Thankfully the bits we didn’t like were replaced with happier sights and sounds. It certainly does seem to have something for everyone whatever you want to get out of your day at taking the sea air.

Brighton Beach

Brighton Beach

05/08/2020


Promenading Brighton Marina

22 comments

  1. Your reminising on Brighton brought back a couple of memories – going to Brighton in my Dad’s Ford Pop, all 6 of us. And drinking coffee in the little cafe under the Palace, made with evaporated milk, so really milky. Secondly watching the London to Brighton Vintage Car Rally, then racing down to see them lined up underneath the arches.

    Liked by 1 person

    • Those memories sound lovely Sarah, exactly the sort of images that spring to mind when we think of Brighton. Unfortunately the arches are almost all closed now in need of refurbishing.

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    • Let’s hope it won’t be too long Liz. Not sure when international travel will become normal again but hopefully it will be next year.

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  2. Oh Brighton…was not a fan when I was there last August…seemed dirty and tired looking. Even “The Lanes” were worn down with empty shops. Much preferred the quainter town of Seaford with its beach huts and little concession. However the Royal Pavilion was definitely something to see!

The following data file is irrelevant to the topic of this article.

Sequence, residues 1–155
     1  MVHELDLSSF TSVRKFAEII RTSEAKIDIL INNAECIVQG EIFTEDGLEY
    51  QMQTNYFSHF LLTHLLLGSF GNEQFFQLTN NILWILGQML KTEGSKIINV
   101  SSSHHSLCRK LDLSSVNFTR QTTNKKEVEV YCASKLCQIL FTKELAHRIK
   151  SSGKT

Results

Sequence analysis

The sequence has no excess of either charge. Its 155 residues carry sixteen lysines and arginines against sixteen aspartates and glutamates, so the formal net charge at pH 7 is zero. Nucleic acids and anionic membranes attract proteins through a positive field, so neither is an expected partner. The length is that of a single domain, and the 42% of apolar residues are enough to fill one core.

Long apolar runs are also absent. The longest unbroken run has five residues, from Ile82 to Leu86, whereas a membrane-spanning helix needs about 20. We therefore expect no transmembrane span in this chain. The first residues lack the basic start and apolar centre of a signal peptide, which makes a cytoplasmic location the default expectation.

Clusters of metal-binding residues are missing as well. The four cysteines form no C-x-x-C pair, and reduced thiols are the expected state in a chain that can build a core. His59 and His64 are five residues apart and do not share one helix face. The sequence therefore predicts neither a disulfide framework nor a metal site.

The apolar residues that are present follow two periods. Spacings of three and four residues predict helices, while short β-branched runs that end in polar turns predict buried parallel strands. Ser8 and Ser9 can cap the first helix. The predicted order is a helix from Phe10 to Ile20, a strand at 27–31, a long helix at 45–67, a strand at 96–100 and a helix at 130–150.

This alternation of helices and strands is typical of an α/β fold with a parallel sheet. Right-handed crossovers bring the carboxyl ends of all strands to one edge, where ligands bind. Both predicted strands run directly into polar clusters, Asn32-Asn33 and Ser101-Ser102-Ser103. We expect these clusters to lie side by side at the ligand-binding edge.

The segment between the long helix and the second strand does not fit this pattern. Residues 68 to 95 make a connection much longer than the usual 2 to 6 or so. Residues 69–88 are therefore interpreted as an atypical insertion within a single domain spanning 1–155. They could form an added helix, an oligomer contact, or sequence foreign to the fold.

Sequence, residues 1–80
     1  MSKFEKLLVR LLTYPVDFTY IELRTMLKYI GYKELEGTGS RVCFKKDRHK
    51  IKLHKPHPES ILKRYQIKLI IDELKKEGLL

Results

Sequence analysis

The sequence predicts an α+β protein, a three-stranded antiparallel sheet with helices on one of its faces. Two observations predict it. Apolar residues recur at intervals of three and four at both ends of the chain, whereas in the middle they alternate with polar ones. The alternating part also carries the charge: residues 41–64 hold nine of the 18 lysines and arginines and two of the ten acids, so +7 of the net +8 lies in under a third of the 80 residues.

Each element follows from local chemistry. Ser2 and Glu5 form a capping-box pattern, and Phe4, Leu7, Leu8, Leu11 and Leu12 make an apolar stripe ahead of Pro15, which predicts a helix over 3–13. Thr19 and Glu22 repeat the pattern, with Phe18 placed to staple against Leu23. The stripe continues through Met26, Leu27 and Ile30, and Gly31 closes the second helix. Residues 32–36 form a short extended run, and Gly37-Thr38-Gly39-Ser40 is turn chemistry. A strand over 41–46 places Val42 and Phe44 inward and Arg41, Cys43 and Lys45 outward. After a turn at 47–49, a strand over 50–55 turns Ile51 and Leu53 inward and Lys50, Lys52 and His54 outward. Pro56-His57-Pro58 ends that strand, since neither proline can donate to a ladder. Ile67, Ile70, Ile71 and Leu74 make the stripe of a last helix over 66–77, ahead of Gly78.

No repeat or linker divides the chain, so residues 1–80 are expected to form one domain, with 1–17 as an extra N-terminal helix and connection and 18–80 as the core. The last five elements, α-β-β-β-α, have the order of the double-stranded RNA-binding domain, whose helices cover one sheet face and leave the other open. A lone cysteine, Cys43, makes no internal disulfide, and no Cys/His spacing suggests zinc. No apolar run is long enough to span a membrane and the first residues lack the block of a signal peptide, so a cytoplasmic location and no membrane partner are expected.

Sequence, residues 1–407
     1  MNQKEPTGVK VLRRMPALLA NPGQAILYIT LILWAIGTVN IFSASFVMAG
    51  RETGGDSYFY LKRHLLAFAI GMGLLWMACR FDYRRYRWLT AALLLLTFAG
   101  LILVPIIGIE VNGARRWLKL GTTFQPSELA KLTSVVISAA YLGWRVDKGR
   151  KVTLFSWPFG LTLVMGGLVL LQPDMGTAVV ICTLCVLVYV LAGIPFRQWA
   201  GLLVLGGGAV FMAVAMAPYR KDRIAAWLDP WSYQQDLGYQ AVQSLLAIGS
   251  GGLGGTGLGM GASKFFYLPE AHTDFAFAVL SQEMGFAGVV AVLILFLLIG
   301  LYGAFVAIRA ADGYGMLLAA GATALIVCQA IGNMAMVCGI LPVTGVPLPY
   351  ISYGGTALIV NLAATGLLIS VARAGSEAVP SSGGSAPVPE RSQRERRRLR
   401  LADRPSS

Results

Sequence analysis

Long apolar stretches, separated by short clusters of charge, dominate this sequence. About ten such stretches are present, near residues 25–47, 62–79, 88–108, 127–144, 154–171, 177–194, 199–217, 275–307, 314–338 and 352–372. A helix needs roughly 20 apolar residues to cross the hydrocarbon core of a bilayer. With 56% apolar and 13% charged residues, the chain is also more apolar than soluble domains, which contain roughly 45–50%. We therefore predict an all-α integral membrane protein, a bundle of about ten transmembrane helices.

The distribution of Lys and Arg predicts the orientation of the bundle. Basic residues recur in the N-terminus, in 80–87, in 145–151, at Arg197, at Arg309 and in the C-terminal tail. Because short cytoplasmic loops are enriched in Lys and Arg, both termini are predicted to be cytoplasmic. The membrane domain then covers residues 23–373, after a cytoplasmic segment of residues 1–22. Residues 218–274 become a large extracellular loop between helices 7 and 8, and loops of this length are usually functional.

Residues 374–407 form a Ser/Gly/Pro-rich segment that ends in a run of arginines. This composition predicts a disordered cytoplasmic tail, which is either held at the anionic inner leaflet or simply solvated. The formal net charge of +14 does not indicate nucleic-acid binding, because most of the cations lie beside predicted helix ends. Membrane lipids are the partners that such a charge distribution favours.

Liked by 1 person

    • I can see what you mean as there are parts of the city that could do with some serious upgrading. We also prefer the smaller towns rather than big cities but Brighton does have real character and a certain something.

      Liked by 1 person

  3. The Italians call it La Passeggiata. More than just a stroll but a chance to see and be seen and a nod to having the time for leisure. Brighton, like many British seaside towns is a bit odd. Delightful, eccentric, bohemian and yet dilapidated and sad in places. Still anywhere can be made better with good fish, chips and mushy peas and some ice cream. Classic!

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  4. It started well, Jonno, and I do love your stylised photography, but I kind of wished I’d just walked down the pier. The marina is for the moneyed folk, isn’t it? It didn’t exist when I was there in the dark ages, and I never made it to Hove. Missed out, I guess? 🙂 🙂

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  5. Reading this is making me homesick!! I always say Brighton has something for everyone. I remember when the Marina was being built and I watched it over the years getting more and more built up. Sounds like your enjoying your Hove house sit😁

    Liked by 1 person